The Murowa Diamond Mine is located near Zvishavane in south-central Zimbabwe. Production from Murowa began in 2004 with a current capability of around 400,000 carats per annum of large, predominantly white, gem-quality diamonds. The owner of the mine, Murowa Diamonds Private Limited, is incorporated in Zimbabwe. Rio Tinto plc has a 78 per cent interest in the company, with the remaining 22 per cent interest owned by Riozim Limited, an independent Zimbabwean owned and listed company.
Mining and processing
The Murowa mine comprises three kimberlite pipes that were discovered in 1997. Two of the three kimberlite pipes are of an economically exploitable size. A truck and shovel method is used to extract ore from the two open pipes, which is then crushed, processed and pumped to the final recovery plant. The resource has the potential to be expanded to six to seven times its current production level. A review of the feasibility study for this expansion is currently under way, as are discussions with the Zimbabwean government on the required investment environment to support a project of this magnitude.
Sales and marketing
Rio Tinto Diamonds' sales and marketing team in Antwerp, Belgium sorts and sells the predominantly white diamonds from the Murowa mine to an international customer base. The demand for Murowa’s products has remained strong due to its high proportion of gem-quality diamonds.
Murowa Diamonds operates in a remote region of Zimbabwe where an arid climate and traditional lifestyles have created challenging socio-economic conditions for local communities. Murowa works consultatively with local communities via its five-year Communities Action Plan, creating opportunities for these communities to extend their careers, businesses and livelihoods. At the same time, it respects the traditional and cultural values of the community and, wherever possible, tries to operate in ways that will minimise the potential for social and economic fragmentation. The company's employment policies, for example, give preference to locals and ensure that job opportunities do not result in an inflow of job seekers into the area, keeping the local economy secure and strong.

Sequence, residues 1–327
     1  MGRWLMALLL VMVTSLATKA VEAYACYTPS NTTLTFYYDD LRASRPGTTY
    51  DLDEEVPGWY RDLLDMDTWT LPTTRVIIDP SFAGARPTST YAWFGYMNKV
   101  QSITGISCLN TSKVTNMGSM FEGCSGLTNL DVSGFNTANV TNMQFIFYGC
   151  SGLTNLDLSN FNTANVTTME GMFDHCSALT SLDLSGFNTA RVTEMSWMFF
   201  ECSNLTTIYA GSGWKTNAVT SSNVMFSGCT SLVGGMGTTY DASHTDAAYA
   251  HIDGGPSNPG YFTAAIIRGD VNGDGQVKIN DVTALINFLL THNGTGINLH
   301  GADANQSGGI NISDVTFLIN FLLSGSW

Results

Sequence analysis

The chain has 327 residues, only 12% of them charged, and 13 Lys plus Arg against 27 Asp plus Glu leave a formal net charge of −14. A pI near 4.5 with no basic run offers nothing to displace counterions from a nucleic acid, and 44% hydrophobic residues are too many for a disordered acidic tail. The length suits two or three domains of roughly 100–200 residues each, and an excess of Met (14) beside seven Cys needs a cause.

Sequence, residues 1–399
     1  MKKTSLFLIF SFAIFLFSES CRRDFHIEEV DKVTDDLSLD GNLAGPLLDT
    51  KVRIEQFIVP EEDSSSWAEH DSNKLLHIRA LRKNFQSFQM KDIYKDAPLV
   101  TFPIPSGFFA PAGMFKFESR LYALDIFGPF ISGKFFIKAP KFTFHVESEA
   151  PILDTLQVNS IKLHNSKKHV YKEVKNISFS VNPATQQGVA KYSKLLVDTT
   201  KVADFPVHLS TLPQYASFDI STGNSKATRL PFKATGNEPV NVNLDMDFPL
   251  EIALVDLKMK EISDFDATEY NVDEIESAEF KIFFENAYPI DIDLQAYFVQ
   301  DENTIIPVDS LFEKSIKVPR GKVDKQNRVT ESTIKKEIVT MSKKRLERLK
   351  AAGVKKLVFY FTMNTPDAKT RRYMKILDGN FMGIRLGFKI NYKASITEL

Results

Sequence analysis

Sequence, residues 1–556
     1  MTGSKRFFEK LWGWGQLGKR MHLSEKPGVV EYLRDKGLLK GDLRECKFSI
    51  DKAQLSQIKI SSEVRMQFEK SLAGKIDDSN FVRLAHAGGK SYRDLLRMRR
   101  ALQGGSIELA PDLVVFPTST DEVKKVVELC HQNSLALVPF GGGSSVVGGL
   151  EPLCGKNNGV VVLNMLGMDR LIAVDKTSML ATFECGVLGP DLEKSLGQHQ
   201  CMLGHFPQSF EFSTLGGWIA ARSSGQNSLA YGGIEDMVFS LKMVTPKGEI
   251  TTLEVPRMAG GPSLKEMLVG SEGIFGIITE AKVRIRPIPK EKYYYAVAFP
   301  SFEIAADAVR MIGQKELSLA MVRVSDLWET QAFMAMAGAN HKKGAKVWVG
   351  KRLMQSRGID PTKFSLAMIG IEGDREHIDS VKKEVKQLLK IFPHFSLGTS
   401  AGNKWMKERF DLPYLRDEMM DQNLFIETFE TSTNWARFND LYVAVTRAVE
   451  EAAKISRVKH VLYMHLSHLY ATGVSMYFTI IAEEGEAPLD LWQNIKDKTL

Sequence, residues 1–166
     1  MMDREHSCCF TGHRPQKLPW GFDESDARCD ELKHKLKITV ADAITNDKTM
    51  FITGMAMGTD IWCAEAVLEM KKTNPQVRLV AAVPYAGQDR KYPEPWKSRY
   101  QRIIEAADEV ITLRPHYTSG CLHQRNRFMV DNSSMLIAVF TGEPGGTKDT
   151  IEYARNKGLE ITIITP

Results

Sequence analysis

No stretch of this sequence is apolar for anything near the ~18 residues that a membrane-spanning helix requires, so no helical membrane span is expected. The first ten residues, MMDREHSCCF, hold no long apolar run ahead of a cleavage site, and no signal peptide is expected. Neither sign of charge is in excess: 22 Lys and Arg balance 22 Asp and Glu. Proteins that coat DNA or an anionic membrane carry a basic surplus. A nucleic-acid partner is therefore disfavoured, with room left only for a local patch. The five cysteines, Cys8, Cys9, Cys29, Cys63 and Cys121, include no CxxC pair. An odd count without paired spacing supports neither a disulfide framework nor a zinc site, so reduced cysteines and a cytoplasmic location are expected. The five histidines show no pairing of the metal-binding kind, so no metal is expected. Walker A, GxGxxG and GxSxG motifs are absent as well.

Capacity-building programmes have also been instituted by Murowa to address community priorities such as improved educational opportunities. Sixteen double classroom blocks have been built to improve the learning environment for local students, directly benefiting 720 children and impacting more than 3,000 school learners. These classroom blocks were built by the Murowa Construction Company, a local company formed and trained by Murowa Diamonds.
The resettlement programme required to establish the mine has also been a story of fresh opportunity for the local community. Over a two-year period, Murowa worked to successfully relocate 142 families living in the area of the mine to the town of Shashe, some 150 kilometres to the east. Each family acquired a new homestead on more land than they’d had before and was compensated for any community assets they had to leave behind. To improve the infrastructure in the community, the company constructed new roads and built a fully-equipped health clinic and primary school, as well as new accommodation for teachers and nurses. Boreholes were also sunk to improve water access and farmer training programmes developed to help the residents improve their yields and better manage their herds. The two-year resettlement programme was so successful in improving the skills, livelihoods and prospects of those making the transition that it earnt Murowa two national Asakheni Awards, recognising good corporate citizenship and social responsibility.
In addition to maintaining its long-term sustainable development programmes, Murowa Diamonds intervenes in times of humanitarian crisis. During the cholera epidemic and extended drought in 2008 and early 2009, for example, the company provided significant humanitarian assistance to the local community and the wider Zvishavane district. It also partners with international health organisations to run community health programmes to help minimise the further spread –and devastating community impact – of HIV/AIDS.
Health, safety and environment
In its relatively short life, Murowa has established a strong safety culture and an excellent safety record, winning multiple awards in the National Safety Security Authority (NSSA) Provincial Awards and the Association of Mine Managers Zimbabwe (AMMZ) national SHE audit competition. It also achieved a significant goal in obtaining international certification for its environmental management systems in 2008. Environmental issues particularly pertinent to the Murowa mine include water conservation, air quality, waste management, land rehabilitation and energy use. Systems are now in place to strictly control and monitor water use, to manage the dust from vehicles to minimise their impact on air quality and to manage both hazardous and non-hazardous waste. The mine has also developed land reclamation and rehabilitation plan and an energy savings plan.